The symbiotic relationship between the Constitution and the criminal justice system[1] is profound, with each reinforcing and complementing the other in the pursuit of a just and equitable society. The Constituent Assembly, a diverse body comprising elected representatives from Provincial Legislative Assemblies and delegates from Indian Princely States, undertook the arduous task of drafting the Constitution.

The deliberations within the Assembly, characterized by rigorous debate and profound reflection, resulted in the formulation of provisions aimed at ensuring the protection of fundamental rights. Part III of the Constitution, which delineates Fundamental Rights, extends its ambit to various organs of the State, including the government, parliament, and local authorities. This expansive interpretation underscores the obligation of all state entities, including those involved in the administration of criminal justice, to uphold and safeguard these rights[2].

Article 13 of the Constitution serves as a bulwark against the encroachment of Fundamental Rights by any legislative or executive action. It stipulates that any law, ordinance, order, bye-law, rule, regulation, or notification that contravenes or abridges these rights shall be deemed void.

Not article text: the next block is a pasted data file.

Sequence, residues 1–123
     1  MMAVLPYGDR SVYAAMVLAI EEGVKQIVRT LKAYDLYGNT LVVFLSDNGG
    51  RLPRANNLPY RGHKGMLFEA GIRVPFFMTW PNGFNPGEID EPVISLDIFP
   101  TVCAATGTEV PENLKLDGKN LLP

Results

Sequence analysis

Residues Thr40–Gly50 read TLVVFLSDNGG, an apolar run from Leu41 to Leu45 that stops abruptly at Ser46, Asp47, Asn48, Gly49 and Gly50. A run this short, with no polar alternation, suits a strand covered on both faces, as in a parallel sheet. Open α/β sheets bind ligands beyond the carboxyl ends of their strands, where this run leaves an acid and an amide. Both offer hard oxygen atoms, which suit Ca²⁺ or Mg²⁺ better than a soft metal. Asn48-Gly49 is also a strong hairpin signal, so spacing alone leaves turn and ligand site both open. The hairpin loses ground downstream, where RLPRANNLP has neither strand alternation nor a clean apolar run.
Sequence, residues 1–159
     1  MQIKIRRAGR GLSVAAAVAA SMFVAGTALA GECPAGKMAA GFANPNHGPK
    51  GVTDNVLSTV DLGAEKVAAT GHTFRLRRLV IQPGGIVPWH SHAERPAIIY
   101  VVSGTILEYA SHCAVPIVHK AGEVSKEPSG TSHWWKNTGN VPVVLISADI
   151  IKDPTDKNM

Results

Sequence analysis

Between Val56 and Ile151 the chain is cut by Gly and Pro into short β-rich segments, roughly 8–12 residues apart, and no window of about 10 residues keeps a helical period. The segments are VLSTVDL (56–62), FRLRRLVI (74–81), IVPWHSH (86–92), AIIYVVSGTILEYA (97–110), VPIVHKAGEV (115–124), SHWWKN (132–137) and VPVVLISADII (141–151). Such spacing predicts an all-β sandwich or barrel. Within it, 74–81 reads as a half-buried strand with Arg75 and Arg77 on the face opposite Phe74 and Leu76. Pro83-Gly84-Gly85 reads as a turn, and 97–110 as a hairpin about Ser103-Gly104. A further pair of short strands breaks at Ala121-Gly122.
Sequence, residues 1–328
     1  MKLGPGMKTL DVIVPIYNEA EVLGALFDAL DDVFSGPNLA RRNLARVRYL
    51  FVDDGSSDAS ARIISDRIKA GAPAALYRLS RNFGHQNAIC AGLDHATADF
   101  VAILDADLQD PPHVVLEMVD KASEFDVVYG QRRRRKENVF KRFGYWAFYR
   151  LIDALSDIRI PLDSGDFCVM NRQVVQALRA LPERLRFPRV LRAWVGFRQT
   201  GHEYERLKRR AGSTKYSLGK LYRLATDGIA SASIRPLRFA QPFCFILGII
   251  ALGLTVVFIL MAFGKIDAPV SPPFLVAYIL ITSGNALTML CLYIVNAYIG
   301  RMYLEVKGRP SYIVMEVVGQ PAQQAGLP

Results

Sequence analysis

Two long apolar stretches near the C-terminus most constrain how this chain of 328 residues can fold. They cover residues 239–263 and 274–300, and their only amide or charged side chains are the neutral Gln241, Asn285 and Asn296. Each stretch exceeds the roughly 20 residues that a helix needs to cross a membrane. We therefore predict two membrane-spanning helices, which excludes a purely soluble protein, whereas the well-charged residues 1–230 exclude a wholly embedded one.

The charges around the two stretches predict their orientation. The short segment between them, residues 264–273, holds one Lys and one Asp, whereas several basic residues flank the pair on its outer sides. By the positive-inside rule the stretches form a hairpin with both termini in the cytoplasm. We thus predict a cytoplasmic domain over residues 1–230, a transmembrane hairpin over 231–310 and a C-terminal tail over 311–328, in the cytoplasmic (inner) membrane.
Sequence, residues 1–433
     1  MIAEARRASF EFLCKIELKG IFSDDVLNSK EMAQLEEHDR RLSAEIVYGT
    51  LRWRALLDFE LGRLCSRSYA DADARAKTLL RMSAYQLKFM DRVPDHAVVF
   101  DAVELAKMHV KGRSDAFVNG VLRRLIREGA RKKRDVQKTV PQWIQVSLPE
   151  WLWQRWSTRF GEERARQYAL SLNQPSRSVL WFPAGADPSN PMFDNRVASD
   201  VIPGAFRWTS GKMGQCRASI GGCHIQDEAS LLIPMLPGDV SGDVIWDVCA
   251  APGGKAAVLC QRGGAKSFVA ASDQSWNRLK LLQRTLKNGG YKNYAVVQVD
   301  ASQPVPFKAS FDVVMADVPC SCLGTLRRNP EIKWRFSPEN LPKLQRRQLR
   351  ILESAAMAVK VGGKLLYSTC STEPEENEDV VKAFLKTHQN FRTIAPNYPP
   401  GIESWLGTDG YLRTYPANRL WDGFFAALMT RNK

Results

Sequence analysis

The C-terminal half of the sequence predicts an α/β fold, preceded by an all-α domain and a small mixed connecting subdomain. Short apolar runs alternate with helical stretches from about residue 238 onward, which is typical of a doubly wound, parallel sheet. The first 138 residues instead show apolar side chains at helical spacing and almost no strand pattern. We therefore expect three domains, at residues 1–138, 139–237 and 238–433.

However, the Constitution also recognizes the necessity of imposing reasonable restrictions on the exercise of certain rights in the interest of public order, morality, or national security, as enshrined in Article 19. This delicate balance between individual liberties and societal welfare lies at the heart of democratic governance and underscores the nuanced approach adopted by the framers of the Constitution. The enactment of the Constitution in 1950 heralded a transformative phase in the evolution of the Rule of Law in India. It not only conferred legitimacy upon pre-independence British laws, such as the Indian Penal Code, Indian Evidence Act, and Criminal Procedure Code but also served as the touchstone for all future criminal justice legislation.

Despite the profound impact of the Constitution on the criminal justice system, the intricate interplay between constitutional guarantees and criminal justice norms often remains underexplored and underappreciated. Scholars and legal luminaries have highlighted the disconnect between academic discourse on constitutional law and criminal justice. A.G. Noorani, in his seminal work, “Handbook of Human Rights and Criminal Justice in India,” bemoans the lack of attention given to the profound importance of constitutional guarantees in shaping the criminal justice apparatus. This oversight is further exacerbated by the absence of acknowledgment of constitutional norms as the foundational principles of criminal justice in textbooks and scholarly works.

The widening gap between normative promises and existential realities at the implementation level underscores the urgent need for a revaluation of the relationship between constitutional guarantees and criminal justice norms. Efforts to bridge this gap must begin with a recognition of the constitutional foundations of the criminal justice system. By acknowledging the inseparable link between constitutional principles and criminal justice policies, policymakers, legal practitioners, and scholars can work collaboratively to align juridical reality with existential reality.